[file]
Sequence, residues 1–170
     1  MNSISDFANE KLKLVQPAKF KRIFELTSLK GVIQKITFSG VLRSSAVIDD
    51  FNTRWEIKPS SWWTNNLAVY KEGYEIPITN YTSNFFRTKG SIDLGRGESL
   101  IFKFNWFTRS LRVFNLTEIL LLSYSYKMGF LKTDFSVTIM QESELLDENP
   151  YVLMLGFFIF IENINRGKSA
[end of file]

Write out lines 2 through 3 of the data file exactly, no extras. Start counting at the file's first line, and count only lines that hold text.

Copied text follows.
     1  MNSISDFANE KLKLVQPAKF KRIFELTSLK GVIQKITFSG VLRSSAVIDD
    51  FNTRWEIKPS SWWTNNLAVY KEGYEIPITN YTSNFFRTKG SIDLGRGESL